Chris Duncan of Land and Sea Oakland
Ph: Dave Franklin
Growing up skating in Newark Chris Duncan was one of the older guys back when 2 or 3 years might of well have been a hundred. Chris skated faster and did gnarlier stuff he was into crazy music he had traveled what seemed like everywhere at the time. Chris really was one of the prime examples to us that being a skateboarder meant more than just riding a skateboard. In 1996 Brannon and I stayed with Chris in San Francisco on our first cross country skate trip. That whole trip was a crazy mind blowing experience but SF- bombing hills, taking the bus to Fort Miley, Mission burritos that was the pinnacle. I attempted to do a little interview with Chris for the release of the new boards he did with us, but even better Chris basically told us the story of his skate and art life from the skate rat pre-Newark days to the present day getting written about in the New York times world renowned artist phase. Have a read and get inspired to skate a launch ramp and make some art.
Check out Chris's art and music here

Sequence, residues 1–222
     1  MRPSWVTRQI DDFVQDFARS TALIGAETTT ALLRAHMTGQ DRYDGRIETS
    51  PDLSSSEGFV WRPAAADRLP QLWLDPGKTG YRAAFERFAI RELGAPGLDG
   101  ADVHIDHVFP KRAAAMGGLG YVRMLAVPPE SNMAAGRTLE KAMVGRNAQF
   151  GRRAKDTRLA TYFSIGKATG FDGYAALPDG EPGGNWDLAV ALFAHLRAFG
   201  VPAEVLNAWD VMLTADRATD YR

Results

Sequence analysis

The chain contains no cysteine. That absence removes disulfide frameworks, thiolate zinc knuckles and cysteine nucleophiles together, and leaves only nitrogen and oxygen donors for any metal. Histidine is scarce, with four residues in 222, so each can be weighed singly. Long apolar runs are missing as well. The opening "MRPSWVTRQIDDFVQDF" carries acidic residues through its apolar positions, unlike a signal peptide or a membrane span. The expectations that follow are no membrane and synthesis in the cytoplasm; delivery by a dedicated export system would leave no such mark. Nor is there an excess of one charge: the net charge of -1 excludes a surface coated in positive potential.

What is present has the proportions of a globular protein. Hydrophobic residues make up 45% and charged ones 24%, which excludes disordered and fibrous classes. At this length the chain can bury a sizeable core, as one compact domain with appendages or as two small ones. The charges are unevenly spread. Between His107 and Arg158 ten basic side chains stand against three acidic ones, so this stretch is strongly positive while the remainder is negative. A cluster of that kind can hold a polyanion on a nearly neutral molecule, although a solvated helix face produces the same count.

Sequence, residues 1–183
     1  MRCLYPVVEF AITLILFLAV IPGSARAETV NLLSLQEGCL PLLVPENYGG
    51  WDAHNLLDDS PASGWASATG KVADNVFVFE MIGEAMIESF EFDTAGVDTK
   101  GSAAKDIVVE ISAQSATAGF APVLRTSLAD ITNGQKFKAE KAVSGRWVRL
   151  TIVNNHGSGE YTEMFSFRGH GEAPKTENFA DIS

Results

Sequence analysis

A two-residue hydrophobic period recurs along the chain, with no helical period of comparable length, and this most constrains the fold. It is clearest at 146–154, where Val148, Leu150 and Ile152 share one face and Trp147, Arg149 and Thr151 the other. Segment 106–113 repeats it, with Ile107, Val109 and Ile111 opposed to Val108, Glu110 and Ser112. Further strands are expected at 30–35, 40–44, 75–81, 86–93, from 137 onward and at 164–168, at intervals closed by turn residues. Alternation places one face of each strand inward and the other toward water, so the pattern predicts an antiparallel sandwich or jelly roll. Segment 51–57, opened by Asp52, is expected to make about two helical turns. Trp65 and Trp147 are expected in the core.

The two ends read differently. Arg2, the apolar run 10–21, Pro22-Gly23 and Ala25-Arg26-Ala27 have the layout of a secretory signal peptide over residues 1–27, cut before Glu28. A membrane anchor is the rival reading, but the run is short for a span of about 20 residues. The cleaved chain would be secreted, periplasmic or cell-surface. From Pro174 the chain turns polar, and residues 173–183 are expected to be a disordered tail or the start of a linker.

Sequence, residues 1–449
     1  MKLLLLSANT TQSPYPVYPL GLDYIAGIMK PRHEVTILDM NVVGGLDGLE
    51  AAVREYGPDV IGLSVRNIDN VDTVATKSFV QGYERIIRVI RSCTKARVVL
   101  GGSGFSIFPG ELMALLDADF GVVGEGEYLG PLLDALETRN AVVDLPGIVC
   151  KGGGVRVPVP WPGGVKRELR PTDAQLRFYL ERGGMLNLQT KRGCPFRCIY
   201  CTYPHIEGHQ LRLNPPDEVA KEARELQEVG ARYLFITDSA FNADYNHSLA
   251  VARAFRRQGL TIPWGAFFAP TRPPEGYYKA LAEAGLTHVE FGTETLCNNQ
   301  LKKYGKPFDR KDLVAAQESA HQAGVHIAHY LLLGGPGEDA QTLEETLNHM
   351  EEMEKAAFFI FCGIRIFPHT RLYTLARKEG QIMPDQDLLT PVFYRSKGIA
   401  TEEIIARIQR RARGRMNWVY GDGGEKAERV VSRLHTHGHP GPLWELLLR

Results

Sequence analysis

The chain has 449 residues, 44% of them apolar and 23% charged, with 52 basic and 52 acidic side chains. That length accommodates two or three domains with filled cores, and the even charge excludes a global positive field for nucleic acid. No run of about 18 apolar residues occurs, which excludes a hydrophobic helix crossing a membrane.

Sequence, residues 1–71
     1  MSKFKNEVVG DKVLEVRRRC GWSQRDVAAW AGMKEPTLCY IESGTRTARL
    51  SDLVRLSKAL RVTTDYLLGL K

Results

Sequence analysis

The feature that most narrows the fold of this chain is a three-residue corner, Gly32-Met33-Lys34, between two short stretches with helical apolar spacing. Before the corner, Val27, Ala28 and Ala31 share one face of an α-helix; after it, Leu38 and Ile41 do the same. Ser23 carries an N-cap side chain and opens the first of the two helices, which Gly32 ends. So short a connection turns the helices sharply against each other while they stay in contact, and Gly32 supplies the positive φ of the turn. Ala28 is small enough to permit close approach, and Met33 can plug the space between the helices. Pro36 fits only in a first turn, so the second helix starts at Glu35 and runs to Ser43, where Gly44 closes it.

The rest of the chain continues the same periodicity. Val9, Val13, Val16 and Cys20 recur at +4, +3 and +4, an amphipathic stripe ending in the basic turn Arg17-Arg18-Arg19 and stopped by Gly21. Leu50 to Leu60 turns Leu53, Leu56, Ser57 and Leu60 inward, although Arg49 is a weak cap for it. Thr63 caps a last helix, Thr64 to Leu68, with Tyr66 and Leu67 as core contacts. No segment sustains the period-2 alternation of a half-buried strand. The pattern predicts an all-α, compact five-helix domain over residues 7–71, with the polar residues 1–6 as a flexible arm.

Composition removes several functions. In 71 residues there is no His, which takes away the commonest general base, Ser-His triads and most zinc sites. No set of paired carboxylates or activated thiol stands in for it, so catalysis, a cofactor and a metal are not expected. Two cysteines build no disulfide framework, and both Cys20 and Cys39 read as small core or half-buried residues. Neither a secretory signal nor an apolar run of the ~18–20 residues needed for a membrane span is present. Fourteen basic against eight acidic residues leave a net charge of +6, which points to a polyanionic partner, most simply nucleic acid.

I started skateboarding in 1986 when i was 11 years old. My mom and i lived in a townhouse complex in Brick town New Jersey. There were a couple older kids that had a launch ramp, skated curbs and kind of just raised hell in the neighborhood. As much as they made it clear they were annoyed by this little kid tagging along, i was drawn to them and did my best to hang out. My mom took notice and one day i came home from school to my first skateboard- a Nash Executioner. It was neon orange. I got made fun of for having a skateboard from K-mart. Fuck it though, it worked and pretty soon i was early grabbing off that launch ramp with the older kids and figuring it out. I love that my mom just went for it and got me a board. She didn't know any better as far as what to get, and there were really no "skate" shops around she was aware of...why would she be? She just wanted me to be happy and wasn't afraid of the weirdos that i was starting to admire. Skateboarding was UGLY then, but she was not afraid. I definitely did not fit into the heavy jock vibes that were ever-present at my school and neighborhood. She picked up on that and opened the door. Eventually we discovered Brave New World and Grogs in Point Pleasant. My next board was a Vision Psycho Stick. I started surfing around this time too. Point Pleasant beach and Manasquan inlet were just far enough away that i had to depend on rides from my mom. So i skated more. One of the older kids in the neighborhood had a boom box that he would bring out and i was introduced to music that made sense to me. I can't stress enough on how skateboarding and music were synonymous then. That equation- sounds and skating, was the beginning. Mind officially blown. I never saw the world the same again.